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Beaver And Wally's Mom Has Died


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Boston Globe:

 

 

LOS ANGELES—Barbara Billingsley, who gained supermom status for her gentle portrayal of June Cleaver, the warm, supportive mother of a pair of precocious boys in "Leave it to Beaver," died Saturday. She was 94. Billingsley, who had suffered from a rheumatoid disease, died at her home in Santa Monica, said family spokeswoman Judy Twersky.

 

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Aww, I loved Barbara. :( A true icon! I've always wanted to see the episodes of The Brothers she made with Gale.

 

R.I.P. Jive Lady. :(

 

From NYT:

 

By MICHAEL POLLAK

Published: October 16, 2010

 

 

Barbara Billingsley, who as June Cleaver on the fondly remembered television series “Leave It to Beaver” personified a Hollywood postwar family ideal — the ever-sweet, ever-helpful suburban stay-at-home mom — died Saturday. She was 94.

 

A family spokeswoman, Judy Twersky, said that Ms. Billingsley had died of polymyalgia, a rheumatoid disease, at her home in Santa Monica, Calif.

 

From 1957 to 1963 and in decades of reruns, the glamorous June, who wore pearls and high heels at home, could be counted on to help her husband, Ward (Hugh Beaumont), get their son Theodore, better known as Beaver (Jerry Mathers), and his older brother, Wally (Tony Dow), extricated from innumerable minor jams, from an alligator in the basement to a horse in the garage.

 

While baking a steady supply of cookies, she would use motherly intuition to sound the alarm about incipient trouble (“Ward, I’m worried about the Beaver”) in their immaculate, airy house in the fictional town of Mayfield. (The house appeared to have no master bedroom, just a big door from which Ward and June occasionally emerged, tying their bathrobes.) Along with the mothers played by Harriet Nelson (“The Adventures of Ozzie and Harriet”), Donna Reed (“The Donna Reed Show”) and others, Ms. Billingsley’s role became a cultural standard, one that may have been too good to be true but engendered fan mail and nostalgia for decades afterward, from the same generation whose counterculture derided the see-no-evil suburbia June’s character represented. The real Barbara Billingsley, who had nothing but respect for June Cleaver, was a former model and career actress who was married three times and spent part of her career as a working single mother (of two boys, at that).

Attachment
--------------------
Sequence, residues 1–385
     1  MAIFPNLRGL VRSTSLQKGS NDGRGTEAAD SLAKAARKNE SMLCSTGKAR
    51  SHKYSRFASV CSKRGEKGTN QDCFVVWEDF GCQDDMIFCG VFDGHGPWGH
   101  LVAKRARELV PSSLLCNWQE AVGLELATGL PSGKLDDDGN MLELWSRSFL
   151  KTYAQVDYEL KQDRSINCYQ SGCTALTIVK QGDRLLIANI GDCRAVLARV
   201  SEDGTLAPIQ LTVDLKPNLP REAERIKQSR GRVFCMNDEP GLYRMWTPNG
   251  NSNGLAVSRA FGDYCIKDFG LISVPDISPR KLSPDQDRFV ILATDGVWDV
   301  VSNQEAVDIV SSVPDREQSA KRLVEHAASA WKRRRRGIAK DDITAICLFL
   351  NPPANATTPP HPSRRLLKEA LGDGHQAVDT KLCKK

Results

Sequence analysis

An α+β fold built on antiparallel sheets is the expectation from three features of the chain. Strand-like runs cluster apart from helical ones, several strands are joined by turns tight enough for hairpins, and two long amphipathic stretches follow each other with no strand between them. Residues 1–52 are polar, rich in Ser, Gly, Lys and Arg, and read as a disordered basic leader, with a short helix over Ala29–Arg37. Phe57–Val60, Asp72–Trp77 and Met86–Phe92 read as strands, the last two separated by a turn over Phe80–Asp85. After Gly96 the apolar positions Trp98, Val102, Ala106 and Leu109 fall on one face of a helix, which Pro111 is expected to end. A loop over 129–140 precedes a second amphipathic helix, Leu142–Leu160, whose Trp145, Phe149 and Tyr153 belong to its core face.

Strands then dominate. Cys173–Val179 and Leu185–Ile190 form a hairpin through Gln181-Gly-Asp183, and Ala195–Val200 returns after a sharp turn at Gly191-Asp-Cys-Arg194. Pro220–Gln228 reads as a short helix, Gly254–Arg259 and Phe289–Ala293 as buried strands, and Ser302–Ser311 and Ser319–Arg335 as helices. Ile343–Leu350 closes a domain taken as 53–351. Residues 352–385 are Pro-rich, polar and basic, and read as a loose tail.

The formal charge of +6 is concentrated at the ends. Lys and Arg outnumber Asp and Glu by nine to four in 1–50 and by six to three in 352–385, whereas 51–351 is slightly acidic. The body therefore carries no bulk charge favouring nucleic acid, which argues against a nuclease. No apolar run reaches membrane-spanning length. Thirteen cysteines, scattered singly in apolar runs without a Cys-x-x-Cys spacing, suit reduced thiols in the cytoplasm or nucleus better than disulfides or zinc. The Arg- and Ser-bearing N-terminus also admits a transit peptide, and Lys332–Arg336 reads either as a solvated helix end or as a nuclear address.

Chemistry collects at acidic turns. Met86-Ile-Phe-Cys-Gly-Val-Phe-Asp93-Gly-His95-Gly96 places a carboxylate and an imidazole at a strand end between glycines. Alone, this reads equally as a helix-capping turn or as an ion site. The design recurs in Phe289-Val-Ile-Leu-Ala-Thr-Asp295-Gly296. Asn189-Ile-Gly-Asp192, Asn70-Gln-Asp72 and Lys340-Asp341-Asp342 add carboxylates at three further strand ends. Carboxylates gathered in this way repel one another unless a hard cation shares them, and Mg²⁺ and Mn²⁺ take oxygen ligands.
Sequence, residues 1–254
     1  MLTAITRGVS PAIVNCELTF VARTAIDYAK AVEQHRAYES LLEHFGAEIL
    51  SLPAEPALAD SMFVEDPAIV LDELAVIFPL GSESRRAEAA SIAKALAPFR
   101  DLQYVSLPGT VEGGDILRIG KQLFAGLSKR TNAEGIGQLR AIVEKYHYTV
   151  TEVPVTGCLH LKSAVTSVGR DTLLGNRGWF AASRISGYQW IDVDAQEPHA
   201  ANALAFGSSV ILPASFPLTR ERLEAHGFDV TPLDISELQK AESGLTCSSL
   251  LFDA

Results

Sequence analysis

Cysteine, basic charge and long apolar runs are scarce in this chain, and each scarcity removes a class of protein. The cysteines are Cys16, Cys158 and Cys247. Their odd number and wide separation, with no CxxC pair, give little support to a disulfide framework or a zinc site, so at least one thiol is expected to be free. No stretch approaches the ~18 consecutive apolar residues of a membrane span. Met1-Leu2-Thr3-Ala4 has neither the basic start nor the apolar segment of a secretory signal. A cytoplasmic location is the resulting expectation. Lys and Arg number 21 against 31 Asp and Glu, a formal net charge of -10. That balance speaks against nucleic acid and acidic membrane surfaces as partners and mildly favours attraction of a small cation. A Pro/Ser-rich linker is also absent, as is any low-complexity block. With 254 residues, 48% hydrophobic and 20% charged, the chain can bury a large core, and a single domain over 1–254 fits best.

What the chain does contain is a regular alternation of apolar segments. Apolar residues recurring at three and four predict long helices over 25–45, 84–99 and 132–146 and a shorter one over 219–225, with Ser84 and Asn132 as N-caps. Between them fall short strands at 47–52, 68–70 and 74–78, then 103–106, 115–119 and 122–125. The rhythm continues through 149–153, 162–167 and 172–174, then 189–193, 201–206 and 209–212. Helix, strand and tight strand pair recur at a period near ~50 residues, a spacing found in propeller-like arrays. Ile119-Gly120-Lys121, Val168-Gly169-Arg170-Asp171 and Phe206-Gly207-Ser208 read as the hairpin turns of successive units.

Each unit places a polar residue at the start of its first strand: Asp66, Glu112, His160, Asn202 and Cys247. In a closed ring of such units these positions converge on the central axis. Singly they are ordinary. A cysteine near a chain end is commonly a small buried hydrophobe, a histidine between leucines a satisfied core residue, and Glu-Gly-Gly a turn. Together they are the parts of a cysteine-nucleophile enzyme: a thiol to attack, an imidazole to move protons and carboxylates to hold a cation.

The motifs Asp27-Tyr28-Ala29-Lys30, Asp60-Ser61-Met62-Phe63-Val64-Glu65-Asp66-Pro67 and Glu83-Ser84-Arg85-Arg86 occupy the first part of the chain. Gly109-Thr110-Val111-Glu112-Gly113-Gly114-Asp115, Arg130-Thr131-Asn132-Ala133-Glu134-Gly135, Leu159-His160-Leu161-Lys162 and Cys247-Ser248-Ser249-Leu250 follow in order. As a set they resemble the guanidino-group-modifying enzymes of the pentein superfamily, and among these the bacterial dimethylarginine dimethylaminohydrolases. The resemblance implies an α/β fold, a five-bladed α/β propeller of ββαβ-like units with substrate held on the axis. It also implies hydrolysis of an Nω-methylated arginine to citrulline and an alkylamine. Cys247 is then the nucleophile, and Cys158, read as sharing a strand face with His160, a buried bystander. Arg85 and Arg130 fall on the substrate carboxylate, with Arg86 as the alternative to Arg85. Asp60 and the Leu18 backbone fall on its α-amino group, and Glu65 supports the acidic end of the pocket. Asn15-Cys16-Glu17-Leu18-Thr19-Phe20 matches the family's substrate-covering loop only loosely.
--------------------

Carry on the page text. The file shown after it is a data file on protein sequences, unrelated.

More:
Yes, she acknowledged 40 years later, her role was an idealized reflection of the times. “We were the ideal parents because that’s the way he saw it,” she said, describing the show as the world seen through the eyes of a child. (The pearls, incidentally, were there to cover up a hollow in her neck. In the beginning she wore flats; the heels were an attempt to stay taller than the growing boys.)